Even the most inspired shows occasionally make a misstep. In “Kissing Cousins,” the 18th episode of the seventh season of Full House, the producers and the exceptional John Stamos make such a misstep. In an attempt to explore the duality of Jesse Katsopolis’ character in a more literal way, Mr. Stamos boldly plays both Jesse and Jesse’s Greek cousin, Stavros. While conceptually brilliant, the execution is not just sloppy, but indeed spews forth such a vitriolic rhetoric that it is remarkable the series managed to survive.
In “Kissing Cousins,” originally airing on the ABC network on February 15, 1994, Mr. Stamos creates a split of Jesse’s psychic apparatus. He portrays Stavros as a literal expression of Jesse’s id, while Jesse, himself, becomes a heightened expression of Jesse’s super-ego. Notably, this is a concept that has been explored in a more latent way in several episodes. Many episodes revolve around this struggle between the two parts of Jesse’s psyche as he suppresses his rock ‘n roll urges and consistently puts his family and responsibilities ahead of his dreams. Mr. Stamos’ portrayal of Stavros, however, reveals more than was likely intended. The episode places xenophobia and antiziganism (racism directed at the Roma people, commonly called Gypsies) in the forefront.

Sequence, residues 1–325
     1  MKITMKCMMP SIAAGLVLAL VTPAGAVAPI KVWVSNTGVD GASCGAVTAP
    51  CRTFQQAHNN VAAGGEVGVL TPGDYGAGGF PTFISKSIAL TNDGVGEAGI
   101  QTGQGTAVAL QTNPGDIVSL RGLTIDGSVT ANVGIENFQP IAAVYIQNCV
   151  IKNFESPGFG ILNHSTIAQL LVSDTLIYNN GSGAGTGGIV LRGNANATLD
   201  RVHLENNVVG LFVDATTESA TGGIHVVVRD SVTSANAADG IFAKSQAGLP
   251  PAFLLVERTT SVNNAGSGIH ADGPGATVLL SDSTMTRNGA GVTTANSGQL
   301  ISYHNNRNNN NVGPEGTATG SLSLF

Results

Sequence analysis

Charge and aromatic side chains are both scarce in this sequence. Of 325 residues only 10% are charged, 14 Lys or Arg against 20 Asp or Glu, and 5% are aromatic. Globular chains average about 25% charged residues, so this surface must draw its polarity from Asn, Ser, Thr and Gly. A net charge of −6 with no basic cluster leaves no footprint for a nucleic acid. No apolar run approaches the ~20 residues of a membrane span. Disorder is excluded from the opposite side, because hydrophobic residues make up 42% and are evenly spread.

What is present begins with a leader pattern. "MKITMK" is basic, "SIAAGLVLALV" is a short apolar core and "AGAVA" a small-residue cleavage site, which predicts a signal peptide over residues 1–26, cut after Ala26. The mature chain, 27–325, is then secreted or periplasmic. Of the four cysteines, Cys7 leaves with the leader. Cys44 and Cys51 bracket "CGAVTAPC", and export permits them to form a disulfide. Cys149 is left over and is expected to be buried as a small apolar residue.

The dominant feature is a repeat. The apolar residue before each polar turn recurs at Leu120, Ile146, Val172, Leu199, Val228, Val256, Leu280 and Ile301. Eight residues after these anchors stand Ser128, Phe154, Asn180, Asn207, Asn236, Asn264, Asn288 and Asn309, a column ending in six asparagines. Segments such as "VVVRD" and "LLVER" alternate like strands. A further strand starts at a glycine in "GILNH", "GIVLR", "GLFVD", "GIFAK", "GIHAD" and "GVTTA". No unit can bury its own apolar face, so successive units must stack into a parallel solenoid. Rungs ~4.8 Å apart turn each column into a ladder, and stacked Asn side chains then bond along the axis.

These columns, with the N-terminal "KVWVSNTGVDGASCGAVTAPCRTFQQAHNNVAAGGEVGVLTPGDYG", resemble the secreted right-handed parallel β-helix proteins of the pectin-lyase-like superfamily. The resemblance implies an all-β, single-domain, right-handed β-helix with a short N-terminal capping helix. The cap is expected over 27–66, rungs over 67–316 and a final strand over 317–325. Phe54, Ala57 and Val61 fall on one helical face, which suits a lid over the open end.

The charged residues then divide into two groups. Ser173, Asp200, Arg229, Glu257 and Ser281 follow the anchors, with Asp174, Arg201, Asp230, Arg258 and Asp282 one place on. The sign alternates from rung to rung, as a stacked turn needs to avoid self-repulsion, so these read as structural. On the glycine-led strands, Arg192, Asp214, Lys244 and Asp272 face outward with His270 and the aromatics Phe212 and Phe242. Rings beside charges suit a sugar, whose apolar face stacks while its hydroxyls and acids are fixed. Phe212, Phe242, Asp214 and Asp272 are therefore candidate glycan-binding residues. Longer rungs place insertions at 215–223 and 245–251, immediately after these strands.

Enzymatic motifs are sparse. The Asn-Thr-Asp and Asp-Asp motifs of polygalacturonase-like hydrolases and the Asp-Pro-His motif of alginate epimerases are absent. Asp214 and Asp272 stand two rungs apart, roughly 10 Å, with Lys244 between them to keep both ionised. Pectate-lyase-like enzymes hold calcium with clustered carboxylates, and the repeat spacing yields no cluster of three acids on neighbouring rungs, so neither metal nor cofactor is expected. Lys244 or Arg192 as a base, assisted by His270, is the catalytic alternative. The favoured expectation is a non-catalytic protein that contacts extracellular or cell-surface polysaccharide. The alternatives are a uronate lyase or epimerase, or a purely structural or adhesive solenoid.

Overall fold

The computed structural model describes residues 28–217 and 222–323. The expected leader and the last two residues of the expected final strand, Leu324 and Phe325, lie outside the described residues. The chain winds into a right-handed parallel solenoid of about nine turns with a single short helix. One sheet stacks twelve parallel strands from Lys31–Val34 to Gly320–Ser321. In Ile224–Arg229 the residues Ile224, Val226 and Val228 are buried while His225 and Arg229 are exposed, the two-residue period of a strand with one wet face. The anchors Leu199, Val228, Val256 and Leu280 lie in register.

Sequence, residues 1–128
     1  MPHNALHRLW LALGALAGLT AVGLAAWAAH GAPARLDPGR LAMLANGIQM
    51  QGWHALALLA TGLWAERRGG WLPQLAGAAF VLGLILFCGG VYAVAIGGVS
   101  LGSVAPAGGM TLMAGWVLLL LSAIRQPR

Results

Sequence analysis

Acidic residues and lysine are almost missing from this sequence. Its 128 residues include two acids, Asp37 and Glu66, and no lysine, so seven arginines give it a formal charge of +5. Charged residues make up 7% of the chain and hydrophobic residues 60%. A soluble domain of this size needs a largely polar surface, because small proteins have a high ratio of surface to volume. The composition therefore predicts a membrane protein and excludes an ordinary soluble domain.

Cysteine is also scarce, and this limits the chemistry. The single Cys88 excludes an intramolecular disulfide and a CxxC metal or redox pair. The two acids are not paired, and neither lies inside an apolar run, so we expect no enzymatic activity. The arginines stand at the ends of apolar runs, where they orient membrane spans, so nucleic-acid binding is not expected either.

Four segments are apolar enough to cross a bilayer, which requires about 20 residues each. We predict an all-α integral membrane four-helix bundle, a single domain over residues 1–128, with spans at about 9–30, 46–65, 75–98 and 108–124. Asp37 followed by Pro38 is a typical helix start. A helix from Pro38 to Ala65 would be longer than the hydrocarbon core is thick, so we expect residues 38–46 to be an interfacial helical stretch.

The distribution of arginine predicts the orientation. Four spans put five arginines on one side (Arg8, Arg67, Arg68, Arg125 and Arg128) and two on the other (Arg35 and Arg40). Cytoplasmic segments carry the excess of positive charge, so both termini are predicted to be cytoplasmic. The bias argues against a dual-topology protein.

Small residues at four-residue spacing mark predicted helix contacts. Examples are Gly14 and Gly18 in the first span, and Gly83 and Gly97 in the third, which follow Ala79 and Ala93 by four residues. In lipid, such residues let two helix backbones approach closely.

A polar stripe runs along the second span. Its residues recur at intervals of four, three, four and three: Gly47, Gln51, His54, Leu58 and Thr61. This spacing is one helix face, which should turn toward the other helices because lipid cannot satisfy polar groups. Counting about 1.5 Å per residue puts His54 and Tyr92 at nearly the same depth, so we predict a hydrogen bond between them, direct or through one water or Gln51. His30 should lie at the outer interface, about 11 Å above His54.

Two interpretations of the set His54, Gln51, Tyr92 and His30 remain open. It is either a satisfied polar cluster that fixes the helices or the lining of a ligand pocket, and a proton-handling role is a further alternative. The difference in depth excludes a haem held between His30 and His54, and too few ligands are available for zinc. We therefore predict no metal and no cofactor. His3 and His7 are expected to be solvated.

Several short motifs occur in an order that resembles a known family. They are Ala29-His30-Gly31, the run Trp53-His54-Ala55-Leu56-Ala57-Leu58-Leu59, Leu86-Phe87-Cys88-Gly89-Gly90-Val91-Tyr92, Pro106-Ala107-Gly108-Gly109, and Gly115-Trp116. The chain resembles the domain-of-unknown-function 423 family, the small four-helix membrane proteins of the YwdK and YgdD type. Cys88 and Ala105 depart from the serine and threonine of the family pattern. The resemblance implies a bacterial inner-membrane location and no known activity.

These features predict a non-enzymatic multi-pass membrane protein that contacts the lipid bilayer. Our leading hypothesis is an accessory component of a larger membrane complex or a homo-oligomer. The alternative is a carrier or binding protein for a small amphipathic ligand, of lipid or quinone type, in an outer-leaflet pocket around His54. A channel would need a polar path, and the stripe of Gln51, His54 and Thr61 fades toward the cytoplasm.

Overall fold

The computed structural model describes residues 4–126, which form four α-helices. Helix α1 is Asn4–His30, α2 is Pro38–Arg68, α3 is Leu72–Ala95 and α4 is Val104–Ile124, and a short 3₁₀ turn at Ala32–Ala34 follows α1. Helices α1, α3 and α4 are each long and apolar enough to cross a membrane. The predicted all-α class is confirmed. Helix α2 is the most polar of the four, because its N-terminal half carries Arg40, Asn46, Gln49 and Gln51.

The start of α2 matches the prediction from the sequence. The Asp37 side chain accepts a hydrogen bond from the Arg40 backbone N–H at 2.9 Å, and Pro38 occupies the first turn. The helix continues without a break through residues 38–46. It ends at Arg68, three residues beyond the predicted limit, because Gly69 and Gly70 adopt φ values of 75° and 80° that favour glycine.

What makes this hateful episode particularly shocking is the fact that Mr. Stamos makes his Greek heritage a regular part of the show. In fact, in the first season, Mr. Stamos played Jesse Cochran. Mr. Stamos then asked the producers to change the character’s name to Katsopolis in order to honor his heritage. Even in the previous episode in the series, “The Last Dance,” Jesse’s Greek grandfather is portrayed in an overwhelmingly positive light. In “Kissing Cousins,” however, the normally accepting show stokes the fires of hate. One shudders to think about what must have transpired on set during the previous week that created this atmosphere of hostility.